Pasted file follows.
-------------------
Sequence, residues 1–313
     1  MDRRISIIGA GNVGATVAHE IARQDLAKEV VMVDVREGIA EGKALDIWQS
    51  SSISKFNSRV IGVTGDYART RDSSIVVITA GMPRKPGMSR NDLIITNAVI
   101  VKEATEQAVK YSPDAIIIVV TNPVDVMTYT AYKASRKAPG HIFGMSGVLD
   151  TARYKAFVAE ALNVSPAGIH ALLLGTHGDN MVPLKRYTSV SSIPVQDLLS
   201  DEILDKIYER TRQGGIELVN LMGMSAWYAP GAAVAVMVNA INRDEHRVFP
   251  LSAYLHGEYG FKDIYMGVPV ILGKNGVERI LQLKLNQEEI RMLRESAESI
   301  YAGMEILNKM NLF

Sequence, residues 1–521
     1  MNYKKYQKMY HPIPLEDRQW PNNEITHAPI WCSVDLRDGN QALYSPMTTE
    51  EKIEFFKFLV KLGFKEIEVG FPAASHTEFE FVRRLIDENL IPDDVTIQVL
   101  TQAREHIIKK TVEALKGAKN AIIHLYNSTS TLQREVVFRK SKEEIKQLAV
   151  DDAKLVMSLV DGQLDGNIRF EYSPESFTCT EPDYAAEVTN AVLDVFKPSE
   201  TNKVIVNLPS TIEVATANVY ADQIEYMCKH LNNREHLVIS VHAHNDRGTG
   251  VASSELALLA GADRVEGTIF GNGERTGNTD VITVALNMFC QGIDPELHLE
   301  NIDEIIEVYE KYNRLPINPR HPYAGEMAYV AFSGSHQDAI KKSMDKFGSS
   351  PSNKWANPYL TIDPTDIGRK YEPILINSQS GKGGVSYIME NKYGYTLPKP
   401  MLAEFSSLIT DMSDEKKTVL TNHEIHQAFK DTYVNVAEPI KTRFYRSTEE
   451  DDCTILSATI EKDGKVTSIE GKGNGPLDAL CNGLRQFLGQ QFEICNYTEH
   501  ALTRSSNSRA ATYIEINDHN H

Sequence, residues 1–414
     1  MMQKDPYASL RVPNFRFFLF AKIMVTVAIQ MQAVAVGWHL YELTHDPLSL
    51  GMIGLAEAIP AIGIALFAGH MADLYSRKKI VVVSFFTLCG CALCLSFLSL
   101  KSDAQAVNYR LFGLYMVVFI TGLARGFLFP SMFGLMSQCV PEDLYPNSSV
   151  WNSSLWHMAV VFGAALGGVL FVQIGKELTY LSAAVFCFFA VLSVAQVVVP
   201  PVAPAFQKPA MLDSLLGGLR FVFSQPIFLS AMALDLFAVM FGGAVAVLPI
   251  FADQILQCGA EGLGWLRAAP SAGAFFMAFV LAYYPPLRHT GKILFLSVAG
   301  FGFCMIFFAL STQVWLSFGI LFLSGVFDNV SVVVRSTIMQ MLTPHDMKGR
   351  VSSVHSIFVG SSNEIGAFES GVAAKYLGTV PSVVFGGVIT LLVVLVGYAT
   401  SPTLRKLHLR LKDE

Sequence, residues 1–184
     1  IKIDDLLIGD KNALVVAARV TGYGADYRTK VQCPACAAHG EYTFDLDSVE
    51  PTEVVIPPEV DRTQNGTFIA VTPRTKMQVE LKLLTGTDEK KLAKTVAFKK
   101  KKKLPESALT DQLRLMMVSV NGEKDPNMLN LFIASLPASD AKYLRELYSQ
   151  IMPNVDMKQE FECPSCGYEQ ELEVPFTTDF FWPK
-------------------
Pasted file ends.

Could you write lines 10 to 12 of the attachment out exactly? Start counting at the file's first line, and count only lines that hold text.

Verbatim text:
     1  MNYKKYQKMY HPIPLEDRQW PNNEITHAPI WCSVDLRDGN QALYSPMTTE
    51  EKIEFFKFLV KLGFKEIEVG FPAASHTEFE FVRRLIDENL IPDDVTIQVL
   101  TQAREHIIKK TVEALKGAKN AIIHLYNSTS TLQREVVFRK SKEEIKQLAV